Nominication Related image It is probably more common to drink with your coworkers in Japan than it is in the US. In fact, it can be an unspoken rule in some companies. Many of them consider dining and drinking after work to be an important way to enhance relationships between coworkers and even with superiors. This part of the culture is so common that it has its own name – nomikai or nominication (飲み二ケーション), which originates from combining the word nomu (, drink) and the English word communication. There are a few reasons why this is so common.

1.    One of them has to do with the fact that Japanese people would usually be employed for his or her entire lifetime. When you are about to spend thirty to forty years working with your coworkers, you would want to establish good relationships with them.

2.    The second reason has to do with the fact that every aspect of the employee’s work is regulated in a typical Japanese company. Talking with your colleagues at work is considered as shigo (private talk) and should be kept to a minimum. Drinking after work allows them to build a relationship as it won’t disturb their work during the day.

3.    The third reason is because… free drink or meal! Joshi (bosses) and senpai (seniors) would invite the buka (team) or kohai (juniors) to dinner or drink so that they had the opportunity to talk about issues at work.

4.    Finally, many Japanese believed that they must drink to work their way up the corporate ladder. Many of the older generation workers considered this to be a normal way of doing business and admitted that they benefited from this. However, corporate life and culture have changed a lot in the recent past. The work environment is becoming more flexible and career changes are more common. Younger generation workers tend to spend less time with their coworkers and focus more on their personal life (outside of work). One benefit that I see from this culture is the opportunity to make good friends with coworkers, something which I don’t see as much in the US because the culture is more individualistic. Enkai While nomikai is a Japanese drinking party that is just for fun, enkai have a few more rules. There will be food and drink and a more relaxed atmosphere, but it is still an extension of work. People usually leave by 9PM or 10PM, unless the hosts would invite the remaining few to a nijikai (after party). Wherever they would for the nijikai, the night always ends with a bowl of ramen. There are many types of enkai, but essentially, they are a chance for an employee to make deeper relationships with the coworkers and to be truly accepted as part of the team.

·      Nomikai (during weekday)

·      Nomikai (during weekend)

·      Bounenkai (year-end party)

·      Christmas Party

·      Shinenkai (New Year’s party)

·      Kangeikai (welcome party)

·      Soubetsukai (leaving party)

·      Kansoukangeikai (end of season party)

·      Joshikai (women-only party)

So, before we hit that izakaya (bar), what are the types of drinks available in Japan? Image result for japanese alcohol

·       Nihonshu / Sake – The most common drink in Japan, nihonshu is a strong rice wine more commonly known as sake. Commonly 15% in alcohol content, it is made by fermenting rice with water, yeast and a mold known as koji.

·      Beer – I’m sure we’d be familiar with the big Japanese brewers such as Asahi, Kirin, and Sapporo. However, craft beers have been growing and providing us with really interesting products such as beer with umami flavor.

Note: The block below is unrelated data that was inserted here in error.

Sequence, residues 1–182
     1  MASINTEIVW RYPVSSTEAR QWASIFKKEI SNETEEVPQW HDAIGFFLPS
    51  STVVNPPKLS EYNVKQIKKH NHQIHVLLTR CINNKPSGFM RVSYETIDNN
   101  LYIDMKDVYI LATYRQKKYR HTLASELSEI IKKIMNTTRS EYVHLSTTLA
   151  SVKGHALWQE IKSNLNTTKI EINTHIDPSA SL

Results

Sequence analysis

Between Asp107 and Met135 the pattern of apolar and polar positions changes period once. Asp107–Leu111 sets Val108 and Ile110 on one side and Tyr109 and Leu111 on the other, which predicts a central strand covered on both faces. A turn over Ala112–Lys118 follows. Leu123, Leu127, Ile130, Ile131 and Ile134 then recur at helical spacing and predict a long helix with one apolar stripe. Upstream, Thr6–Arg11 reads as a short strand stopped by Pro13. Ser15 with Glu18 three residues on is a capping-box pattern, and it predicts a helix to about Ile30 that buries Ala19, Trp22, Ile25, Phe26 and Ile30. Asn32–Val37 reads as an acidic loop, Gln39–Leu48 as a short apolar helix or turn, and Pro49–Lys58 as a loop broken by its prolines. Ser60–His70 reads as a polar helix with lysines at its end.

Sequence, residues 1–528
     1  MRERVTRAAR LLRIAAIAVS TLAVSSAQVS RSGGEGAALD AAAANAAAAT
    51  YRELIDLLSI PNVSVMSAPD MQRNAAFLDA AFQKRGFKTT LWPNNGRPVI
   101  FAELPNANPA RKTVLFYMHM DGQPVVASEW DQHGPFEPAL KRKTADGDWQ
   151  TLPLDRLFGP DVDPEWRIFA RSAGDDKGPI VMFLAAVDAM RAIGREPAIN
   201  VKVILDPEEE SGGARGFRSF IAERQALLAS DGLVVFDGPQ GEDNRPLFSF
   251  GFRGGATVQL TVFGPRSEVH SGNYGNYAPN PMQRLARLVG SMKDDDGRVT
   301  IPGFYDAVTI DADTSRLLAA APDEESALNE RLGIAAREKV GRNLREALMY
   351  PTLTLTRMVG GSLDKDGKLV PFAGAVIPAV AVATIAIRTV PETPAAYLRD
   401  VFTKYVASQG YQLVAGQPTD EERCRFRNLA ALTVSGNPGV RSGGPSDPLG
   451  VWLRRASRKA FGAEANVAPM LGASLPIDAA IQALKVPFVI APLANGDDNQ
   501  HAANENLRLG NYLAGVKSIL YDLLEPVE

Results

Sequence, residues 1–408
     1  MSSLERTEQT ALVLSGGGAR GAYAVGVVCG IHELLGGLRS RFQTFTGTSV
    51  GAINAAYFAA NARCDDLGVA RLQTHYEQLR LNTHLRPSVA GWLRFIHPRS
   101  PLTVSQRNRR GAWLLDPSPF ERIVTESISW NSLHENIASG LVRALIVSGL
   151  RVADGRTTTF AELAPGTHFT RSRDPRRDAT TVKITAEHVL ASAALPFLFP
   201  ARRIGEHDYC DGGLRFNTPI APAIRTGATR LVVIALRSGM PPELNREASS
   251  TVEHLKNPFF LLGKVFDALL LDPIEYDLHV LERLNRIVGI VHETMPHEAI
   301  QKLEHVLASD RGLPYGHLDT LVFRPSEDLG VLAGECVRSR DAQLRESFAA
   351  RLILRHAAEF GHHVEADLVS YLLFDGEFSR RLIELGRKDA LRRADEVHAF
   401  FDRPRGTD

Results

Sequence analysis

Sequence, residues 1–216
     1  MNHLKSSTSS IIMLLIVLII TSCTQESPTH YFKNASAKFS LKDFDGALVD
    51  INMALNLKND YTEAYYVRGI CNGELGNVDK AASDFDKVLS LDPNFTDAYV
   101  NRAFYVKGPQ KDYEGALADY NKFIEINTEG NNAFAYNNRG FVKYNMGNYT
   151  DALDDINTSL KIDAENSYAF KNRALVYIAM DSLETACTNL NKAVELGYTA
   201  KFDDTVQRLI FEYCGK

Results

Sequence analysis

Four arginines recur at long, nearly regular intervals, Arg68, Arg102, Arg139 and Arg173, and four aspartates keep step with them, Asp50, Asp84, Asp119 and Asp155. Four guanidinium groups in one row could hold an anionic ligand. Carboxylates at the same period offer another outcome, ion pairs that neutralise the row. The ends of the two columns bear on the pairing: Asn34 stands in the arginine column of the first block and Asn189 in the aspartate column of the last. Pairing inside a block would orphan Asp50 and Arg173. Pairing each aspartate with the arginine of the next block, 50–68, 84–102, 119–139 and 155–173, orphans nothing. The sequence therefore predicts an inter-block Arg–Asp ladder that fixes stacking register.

·      Shochu – Somewhat like the common vodka. While nihonshu is made by fermentation, shochu is made by distillation. It is primarily made with potatoes, but can also be made with rice, barley, buckwheat and many other starchy items. Like vodka, it is quite stronger than nihonshu.

·      Umeshu – For those of you who like sweeter drinks, umeshu is the way to go. It is a relatively weak plum wine, generally drunk in small glasses due to the high sugar content.

·      Whisky – Japanese whiskey has been gaining more popularity recently, winning several global awards. Some popular whiskey distillaries are Hibiki, Nikka, and Yamazaki. Many Japanese like to combine whiskey with carbonated water, calling them highballs. Doing so brings out some flavors from the whiskey.

  • Chuhai – Like whiskey highballs, chuhai is a mix of shochu and carbonated water, traditionally flavored with. Modern commercial variants use vodka in place of shochu.
A few drinking rules… Image result for kanpai
  • Don’t pour your own drink! Always pour for others around you and then wait for them to return the favor. While there is no hierarchy with friends, when out with coworkers it is expected that you would pour a drink for your boss.
  • Don’t drink before everyone has been served! Make sure to wait until everyone has something in their glass before you drink.
  • Kanpai! You should also make sure to say kanpai and clink your glass with your coworkers or bosses.
  • Order the same on the first round
  • Don’t drink from the bottle
How to recover the next day? Image result for ukon drink Japanese people have this sweet and energizing sports drink called Pocari Sweat, somewhat similar to Gatorade in the US but with less ‘unique’  flavors. A more potent drink is the ukon (turmeric) drinks. These drinks revitalize your liver and are full of vitamins to get you recharged for the next day. The ukon is also available in pill or powdered form. It is recommended to drink one of these and a bottle of water before you start on the sake. They can also be taken after drinking.

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